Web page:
“The FCC also cannot order the public disclosure of confidential commercial business agreements, as the Petition requests….Private licensing agreements, especially the financial terms of such agreements, are confidential and proprietary information.”

The CUT FATT coalition itself has claimed in its most recent filing that “patent holders are demanding more than $24 per set – although confidentiality requirements prevent manufacturers from disclosing each demand” and similarly argues that

“confidentiality is inconsistent with a regime requiring nondiscrimination. Indeed, simply banning confidentiality requirements is likely to curtail some of the most egregious demands.”

For more information and advocacy on the CUT FATT proceeding, see here.

I have filed reply comments in the CUT FATT proceeding (09-23).  Excerpt from the executive summary:

“The Commission’s request for comments has brought mostly highly critical opposing comments from patent holders, and mostly mild or ambivalent comments from standards groups and other interested parties. Only one commenter, Harris Corporation, themselves an acknowledged recipient of the sort of licensing practices for which the CUT FATT petition seeks redress, takes a direct stance in favor of the spirit of the petition. Perhaps more comments will surface.

There is more to this topic, however, and a different perspective ought to be aired and considered. Public standards require public accountability. America pays more for less in DTV standards. Current DTV licensing practices are not working. The FCC should engage more, not less, in standards.

These reply comments, generally supportive of the CUT FATT petition but in some ways encouraging of an even broader consideration, endeavor to provide information and reasoning that highlight concerns raised by the CUT FATT petition and request that the Commission look more, and more deeply, into these matters. Perhaps one beneficial outcome of the CUT FATT petition, beyond worthy immediate redress, might be to reawaken competitive juices and inspire a needed serious look to the future of digital TV and broadband in the network age.”

Table of contents is below, the full filing is available here, all filed comments are available at the FCC site here (enter 09-23 as the proceeding).


A. DTV Licensing Practices Have Undermined American Competitiveness
B. Petition Proposals are Modest; Commission Should Consider Doing More
C. Commission Should Become More, Not Less, Engaged in Standards

A. Guidelines and Antitrust Waivers Developed for Private, Voluntary Activities Are Not Sufficient to Protect Public Standards
B. Petition Proposals are Modest Compared to Global Best Practices
C. It is Unreasonable and Potentially Discriminatory to Shield DTV Licensing Terms Behind Claims of Private Business Confidentiality
A. Patent Overcharging Has Made US DTV Globally Uncompetitive
B. DTV Licensing Practices Have Put America in “Perpetual Catch-up”
C. Commission Should Look Beyond Suspect Appeals to American Pride to a Level Global Playing Field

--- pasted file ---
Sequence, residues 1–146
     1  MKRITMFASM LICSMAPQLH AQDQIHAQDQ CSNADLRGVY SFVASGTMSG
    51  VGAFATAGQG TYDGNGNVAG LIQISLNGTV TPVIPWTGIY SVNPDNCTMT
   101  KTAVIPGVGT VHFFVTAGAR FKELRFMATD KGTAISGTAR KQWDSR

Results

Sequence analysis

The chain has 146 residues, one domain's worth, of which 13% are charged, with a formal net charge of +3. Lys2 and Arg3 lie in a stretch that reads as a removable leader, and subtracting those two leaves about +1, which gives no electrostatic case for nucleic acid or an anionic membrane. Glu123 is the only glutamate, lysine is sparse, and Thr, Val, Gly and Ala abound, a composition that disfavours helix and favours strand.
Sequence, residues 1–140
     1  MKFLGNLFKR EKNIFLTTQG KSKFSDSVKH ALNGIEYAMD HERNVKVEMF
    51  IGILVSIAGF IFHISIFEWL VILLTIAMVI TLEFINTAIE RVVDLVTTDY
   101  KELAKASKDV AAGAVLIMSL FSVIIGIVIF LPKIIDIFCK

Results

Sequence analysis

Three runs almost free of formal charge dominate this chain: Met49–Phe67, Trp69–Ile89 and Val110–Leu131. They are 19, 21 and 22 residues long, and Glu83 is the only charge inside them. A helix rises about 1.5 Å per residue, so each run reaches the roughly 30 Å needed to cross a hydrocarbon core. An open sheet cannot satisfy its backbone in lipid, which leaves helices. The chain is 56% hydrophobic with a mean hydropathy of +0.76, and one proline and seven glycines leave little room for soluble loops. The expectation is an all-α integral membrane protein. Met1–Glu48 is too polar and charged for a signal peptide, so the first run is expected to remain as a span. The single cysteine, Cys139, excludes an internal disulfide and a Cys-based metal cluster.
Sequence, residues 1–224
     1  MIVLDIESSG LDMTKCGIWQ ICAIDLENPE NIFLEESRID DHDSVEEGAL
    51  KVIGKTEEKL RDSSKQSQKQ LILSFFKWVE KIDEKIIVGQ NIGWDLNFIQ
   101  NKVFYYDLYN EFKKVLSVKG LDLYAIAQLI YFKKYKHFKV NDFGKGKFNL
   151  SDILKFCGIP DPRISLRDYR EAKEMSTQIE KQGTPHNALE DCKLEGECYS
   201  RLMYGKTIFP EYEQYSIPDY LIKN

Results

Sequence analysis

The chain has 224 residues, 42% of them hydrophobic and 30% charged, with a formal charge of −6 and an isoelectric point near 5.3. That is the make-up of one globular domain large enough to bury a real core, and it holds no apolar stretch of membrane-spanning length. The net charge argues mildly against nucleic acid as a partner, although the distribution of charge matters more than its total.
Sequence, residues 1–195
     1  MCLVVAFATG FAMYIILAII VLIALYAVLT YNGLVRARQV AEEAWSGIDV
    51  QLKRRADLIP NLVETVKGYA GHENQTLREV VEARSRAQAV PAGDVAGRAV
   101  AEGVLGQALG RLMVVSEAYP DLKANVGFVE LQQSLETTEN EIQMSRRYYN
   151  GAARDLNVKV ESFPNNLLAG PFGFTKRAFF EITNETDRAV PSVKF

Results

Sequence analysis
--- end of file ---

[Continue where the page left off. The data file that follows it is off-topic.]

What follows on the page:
A. Eleven Years is an Unreasonable Amount of Time to Establish the ATSC Patent Pool, and the Surrounding Circumstances Raise Concern
B. DTV Licensing Practices Have Caused Policy Concern Around the World, and Governments Have Stepped In
C. “Multi-Dipping” and Other DTV Licensing Gambits are Unreasonable and Discriminatory
D. DTV Licensing Practices Have Stifled Access to Public Domain and Free Technology
E. DTV Licensing Practices Are Unnecessarily Prolonging Pool Lifespans Through Questionable Tactics
A. Commenters Propose No Specific Innovation Or Other Compelling Need To Justify Continuing Current DTV Licensing Practices
B. DTV Licensing Practices Threaten to Undermine Broadband Policy
C. Our Network Age Needs Greater Policy Engagement in Standards
D. Commission Has, and Should Improve, Standards Competency
E. Commission Should Consider Going Beyond Petition Proposals
F. Commission Should Promote Transparency, A Level Global Playing Field, Open Value Chains, Ex Ante Disclosure, Proactive IP Analysis and a Preference for Royalty-Free

“RAND” — Reasonable and Non-Discriminatory — is a term often used in standards contexts to describe or set expectations of fairness in patent licensing related to standards.

But what does the term “RAND” really mean?  As one well-known commentary on standard-setting, patents, and hold-up states:  “few SSOs [standard-setting organizations] define the term ‘reasonable and nondiscriminatory’ or have mechanisms to resolve disputes about its interpretation”.

The American Bar Association, Section of Science & Technology Law, has filed a comment to the US FCC about the CUT FATT petition on patent overreaching in the US DTV system, acknowledging that:

“international royalty rates for comparable patents and standards may be a useful factor to consider in determining whether U.S. royalty rates are RAND.”

As excerpted below, the Section makes this comment with appropriate qualifications and call to recognition of the complexities of the issues (“there are many other important factors”), and acknowledges that typical RAND analysis is directed at voluntary standards rather than standards mandated by a regulatory authority.

But the Section comments go on to opine that:

“With respect to the particular factor proposed by CUT FATT (i.e.. patent pools for DVB-T and ISDB), we believe that any consideration of “comparables” should be limited to licenses of comparable patents, both in scope and quantity, for implementation of the same standard (i.e., the ATSC DTV standard, in this case).”